Saturday, April 24, 2010

Bylaws Will be Bylaws

In Jakarta, abiding by the law basically means that you can break the rules if there isn't a policeman in sight. Nowhere is this lawlessness more obvious than on the roads. You can observe a traffic violation every couple of seconds by simply standing on a street corner. Oddly, the police appear to spend more time directing traffic than they do actually fighting crime. They even have kiosks set up at major intersections. During peak rush hour (which is more like a crawl), police direct traffic at said major intersections. Their main purpose is to ensure that vehicles of all shape and size actually STOP when the light turns red and don't GO until the light turns green. Hard to believe but true. The cops have finally had enough. They are planing on leaving the comfort of their kiosks to do something about it.

For 20-ish days, the police are clamping down on traffic violations, especially those committed by motorbikes and buses. Some of these violations include not wearing an approved Indonesian safety standard helmet, driving the wrong way down the street, motorbikes not having headlights on in the daytime and buses stopping in places where they shouldn't. They plan on issuing fines for these violations. If they do actually fine every one of these infractions, they will be rich as dozens of these infractions occur every minute.

What I find odd isn't that they are fining people for blatantly obvious violations but that they are actually letting people know that they are doing this. So much for the element of surprise. I'd like to personally thank the Jakarta Police for notifying all media outlets of their intentions. In all fairness, it is good that the poor and underprivileged have fair warning so that they can avoid fines. But why would they actually make it a point of telling people that it is only going to be for 20 days? Wouldn't it be wiser to say that they are going to run this crusade indefinitely? Thanks to their warnings, I have started driving with my headlight on during the day and temporarily stopped making illegal u-turns. Dare I say that this clampdown really has no teeth and is nothing much more than a money making scheme?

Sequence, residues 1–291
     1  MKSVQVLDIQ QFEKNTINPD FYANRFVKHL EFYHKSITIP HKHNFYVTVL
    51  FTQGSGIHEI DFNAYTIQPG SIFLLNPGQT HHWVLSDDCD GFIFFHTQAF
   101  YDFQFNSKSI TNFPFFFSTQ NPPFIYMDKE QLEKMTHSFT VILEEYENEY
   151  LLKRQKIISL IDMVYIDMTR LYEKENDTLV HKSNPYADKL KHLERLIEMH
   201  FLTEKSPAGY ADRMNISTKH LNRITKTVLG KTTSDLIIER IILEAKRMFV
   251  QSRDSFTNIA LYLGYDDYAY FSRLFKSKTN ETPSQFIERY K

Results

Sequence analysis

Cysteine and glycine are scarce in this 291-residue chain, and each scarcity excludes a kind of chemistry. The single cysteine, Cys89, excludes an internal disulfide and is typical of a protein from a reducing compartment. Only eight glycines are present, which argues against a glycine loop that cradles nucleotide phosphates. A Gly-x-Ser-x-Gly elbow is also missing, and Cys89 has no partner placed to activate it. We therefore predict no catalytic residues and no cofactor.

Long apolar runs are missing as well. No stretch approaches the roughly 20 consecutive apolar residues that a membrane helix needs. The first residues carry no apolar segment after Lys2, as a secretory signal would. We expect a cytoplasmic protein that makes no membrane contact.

I'm assuming that after the 20 day crackdown, things will gradually go back to normal and that people will carry on with their bad road etiquette. I'm all for making people wear helmets that actually provide protection but I just don't see this happening. Recently, there are a lot more child size helmets for sale. I won't bother going off on a rant about the irony of dad wearing a helmet and the kids not. I commend the police on making an effort to protect people from themselves but maybe 20 days just isn't enough.

One more thing, without getting into details, I was once detained for not having my passport on me. At one point of my detention, the police put my friends and I in the National Drug Headquarters "war room". There on the bulletin board in plain sight was a map of Jakarta with push pins and strings leading to cards that detailed where and when they planned on doing drug and/or immigration raids. Not one of (ahem) Jakarta's finest sitting in the room with us seemed to mind that we were essentially reading their secrets. Had any of us known any drug dealers etc, we could have been able to tell them exactly when and where they were coming. I can't help but repeat myself: so much for the element of surprise!

You can read more about the clampdown here:

All you motorcyclists out there remember to turn your light on in the daytime for the next week or so....
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